NASA Office of Logic Design

NASA Office of Logic Design

A scientific study of the problems of digital engineering for space flight systems,
with a view to their practical solution.

Space Shuttle Main Engine Controller

NASA Technical Paper 1932
November 1981

Russell M. Mattox and J.B. White
George C. Marshall Space Flight Center
Marshall Space Flight Center, Alabama


In March 1972, NASA selected the Rocketdyne Division of Rockwell International to design and develop the Space Shuttle Main Engines (SSME) for the reusable Space Shuttle. The development program was managed by NASA/Marshall Space Flight Center (MSFC) and was supported by the various engineering laboratories within the Science and Engineering Directorate. The engine itself is designed to be reusable for 55 missions totaling 7.5 hr of cumulative operating time, and to operate at a variable thrust level commanded by the Orbiter. Engine control could have taken alternate forms such as time sequenced valve control, pressure-ladder sequenced propellant valve control, analog computer control, or digital computer control. A digital computer control concept was selected as the basis of the control system and was designed with the appropriate input-output (control) electronics to interface with the engine hardware. This alternative results in several advantages-

  1. Changes in operational sequences and functions were readily accomplished simply by changing computer software programs, thereby avoiding costly and time-consuming hardware redesign, retrofit, reverification, and engine recalibration firing.
  2. It provided the flexibility and ease of change needed during the engine research and development phase along with the eventual autonomy and adaptability necessary in a fully operational system.
  3. Development schedules were simplified because the hardware design and fabrication proceeded in parallel with software development.
  4. A digitally based system provided the fast control response necessary to accomplish thrust level control and maintain a constant fuel/oxidizer mixture ratio over the complete throttle range.
  5. It provides the capability of monitoring engine operating conditions and performs various types of safing operations depending on the nature of anomalous or failure conditions detected real-time during flight.
  6. A digital system with its associated software is able to perform tests on the engine hardware and self-tests on itself and report any function not performing within specification that might need correcting. Failure detection, isolation, and resolution is more readily accomplished without impacting other system operations.
  7. Operating conditions and component redundancy management results are always readily available to be transmitted, digitally, to the Orbiter and to the ground.

The engine developed for the Space Shuttle represents the most complex high-performance engine ever built. Due to the extremely high operating thrust chamber and turbopump temperatures, pressures, and speeds, very precise monitoring and control of critical engine parameters are of prime importance. Because of the speed and accuracy required in controlling these parameters, the application of a software controlled digital computer was a natural approach.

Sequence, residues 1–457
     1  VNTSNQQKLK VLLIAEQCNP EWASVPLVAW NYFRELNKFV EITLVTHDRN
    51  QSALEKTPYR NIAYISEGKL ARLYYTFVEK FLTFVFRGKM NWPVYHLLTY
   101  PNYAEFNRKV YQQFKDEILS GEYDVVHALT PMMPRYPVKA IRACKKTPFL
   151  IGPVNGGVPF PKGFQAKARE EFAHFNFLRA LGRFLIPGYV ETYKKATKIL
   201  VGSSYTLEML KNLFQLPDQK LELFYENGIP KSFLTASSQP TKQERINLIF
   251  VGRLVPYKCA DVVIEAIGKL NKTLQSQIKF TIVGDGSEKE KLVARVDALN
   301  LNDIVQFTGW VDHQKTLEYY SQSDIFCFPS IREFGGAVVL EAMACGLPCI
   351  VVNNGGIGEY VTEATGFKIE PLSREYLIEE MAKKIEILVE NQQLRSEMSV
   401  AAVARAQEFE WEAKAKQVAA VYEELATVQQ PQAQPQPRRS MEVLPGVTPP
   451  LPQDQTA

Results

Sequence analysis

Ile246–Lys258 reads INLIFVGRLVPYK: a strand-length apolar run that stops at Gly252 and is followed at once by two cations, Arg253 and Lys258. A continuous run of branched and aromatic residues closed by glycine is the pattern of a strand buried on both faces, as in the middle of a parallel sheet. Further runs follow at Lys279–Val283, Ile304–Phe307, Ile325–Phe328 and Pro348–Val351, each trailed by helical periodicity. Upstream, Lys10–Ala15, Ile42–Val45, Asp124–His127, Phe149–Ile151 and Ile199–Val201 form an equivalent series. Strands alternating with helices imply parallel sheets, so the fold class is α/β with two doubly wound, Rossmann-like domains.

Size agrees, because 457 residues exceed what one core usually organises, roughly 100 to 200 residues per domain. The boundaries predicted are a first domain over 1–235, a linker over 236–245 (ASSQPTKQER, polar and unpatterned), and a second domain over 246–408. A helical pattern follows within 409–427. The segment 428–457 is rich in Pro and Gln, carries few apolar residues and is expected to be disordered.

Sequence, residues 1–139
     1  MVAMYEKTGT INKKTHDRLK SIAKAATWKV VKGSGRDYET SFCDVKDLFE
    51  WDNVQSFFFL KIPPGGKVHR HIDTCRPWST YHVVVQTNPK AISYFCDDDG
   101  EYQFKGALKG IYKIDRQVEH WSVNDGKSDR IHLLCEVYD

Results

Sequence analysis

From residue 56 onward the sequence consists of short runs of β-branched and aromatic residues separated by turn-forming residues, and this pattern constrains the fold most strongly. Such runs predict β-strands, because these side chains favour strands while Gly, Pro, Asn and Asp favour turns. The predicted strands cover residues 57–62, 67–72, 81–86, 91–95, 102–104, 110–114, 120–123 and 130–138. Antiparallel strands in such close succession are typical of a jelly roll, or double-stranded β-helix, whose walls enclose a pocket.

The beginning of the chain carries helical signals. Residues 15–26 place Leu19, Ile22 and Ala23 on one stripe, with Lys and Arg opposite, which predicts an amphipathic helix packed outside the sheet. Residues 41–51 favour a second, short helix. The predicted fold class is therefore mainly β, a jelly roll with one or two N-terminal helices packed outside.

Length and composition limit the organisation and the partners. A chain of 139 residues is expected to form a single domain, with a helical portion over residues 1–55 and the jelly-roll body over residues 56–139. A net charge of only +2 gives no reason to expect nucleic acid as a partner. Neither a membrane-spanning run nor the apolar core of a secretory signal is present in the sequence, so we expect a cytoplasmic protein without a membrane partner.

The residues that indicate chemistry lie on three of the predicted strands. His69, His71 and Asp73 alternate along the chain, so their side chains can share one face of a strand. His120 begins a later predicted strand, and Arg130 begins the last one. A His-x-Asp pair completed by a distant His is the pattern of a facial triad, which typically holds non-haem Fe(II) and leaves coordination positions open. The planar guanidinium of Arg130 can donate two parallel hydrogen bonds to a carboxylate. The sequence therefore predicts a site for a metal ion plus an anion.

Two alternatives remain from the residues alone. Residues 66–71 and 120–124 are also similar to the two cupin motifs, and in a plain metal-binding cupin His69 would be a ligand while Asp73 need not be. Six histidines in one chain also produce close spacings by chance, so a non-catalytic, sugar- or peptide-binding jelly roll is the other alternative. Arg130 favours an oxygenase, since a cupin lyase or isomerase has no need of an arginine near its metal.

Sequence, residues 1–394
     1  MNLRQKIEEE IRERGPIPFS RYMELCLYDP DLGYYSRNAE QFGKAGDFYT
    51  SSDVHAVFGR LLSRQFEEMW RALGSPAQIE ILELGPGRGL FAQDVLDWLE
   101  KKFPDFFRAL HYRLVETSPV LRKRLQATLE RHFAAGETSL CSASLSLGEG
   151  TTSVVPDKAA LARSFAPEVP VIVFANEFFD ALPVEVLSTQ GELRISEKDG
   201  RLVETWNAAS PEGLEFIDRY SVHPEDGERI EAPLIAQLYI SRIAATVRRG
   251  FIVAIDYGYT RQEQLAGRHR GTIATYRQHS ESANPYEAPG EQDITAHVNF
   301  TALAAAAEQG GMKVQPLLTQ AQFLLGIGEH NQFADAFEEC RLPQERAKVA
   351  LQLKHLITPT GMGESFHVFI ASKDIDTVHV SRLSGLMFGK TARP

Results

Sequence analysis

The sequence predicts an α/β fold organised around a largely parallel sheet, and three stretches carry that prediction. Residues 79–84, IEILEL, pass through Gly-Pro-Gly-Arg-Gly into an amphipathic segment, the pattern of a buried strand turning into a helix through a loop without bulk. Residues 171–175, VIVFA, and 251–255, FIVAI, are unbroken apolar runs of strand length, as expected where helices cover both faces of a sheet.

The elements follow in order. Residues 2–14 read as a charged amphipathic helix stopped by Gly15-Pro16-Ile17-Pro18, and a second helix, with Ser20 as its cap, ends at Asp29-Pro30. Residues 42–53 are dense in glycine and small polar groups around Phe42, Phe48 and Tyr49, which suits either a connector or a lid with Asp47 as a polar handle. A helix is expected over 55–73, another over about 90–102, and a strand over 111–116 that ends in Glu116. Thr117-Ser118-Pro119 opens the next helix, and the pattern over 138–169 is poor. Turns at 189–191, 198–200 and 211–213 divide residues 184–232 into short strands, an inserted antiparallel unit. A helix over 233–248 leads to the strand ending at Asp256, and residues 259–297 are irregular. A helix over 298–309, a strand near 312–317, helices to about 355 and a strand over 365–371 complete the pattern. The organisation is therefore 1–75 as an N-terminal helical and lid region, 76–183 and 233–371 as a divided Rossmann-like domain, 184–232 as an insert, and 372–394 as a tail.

To reduce the development risk and cost, the Honeywell HDC-601 airborne computer functional organization and logical design was selected as the central processing unit for the SSME: control application. This unit, along with specially designed input/output interfacing electronics, power supplies, and appropriate redundancy control electronics, was duplexed and packaged into a unit called the controller.

Since each flight controller is mounted directly on an engine, the environment in which it operates is very severe. Therefore, special emphasis was placed on the mechanical design and packaging techniques of the electronic components and subassemblies. An extensive design verification (qualification) program was instigated and implemented to assure that the controller operates and survives under all the conditions to which it is exposed and for the number of missions for which it is designed.

During the controller development and testing program, various problems and design deficiencies were recognized, analyzed, and corrected. Some were unique because of the nature of the controller design and application, and some were typical of those expected in any electronic package design and development program.

Each of the functional elements comprising the controller is described and discussed in detail. The redundancy configuration employed and the redundancy management concepts, schemes, and techniques utilized are covered. The mechanical design of the controller package, which must withstand the unusual operating environment and the extensive testing to assure controller flight worthiness, is then considered. Finally, operational functions, timeliness and experience are presented.

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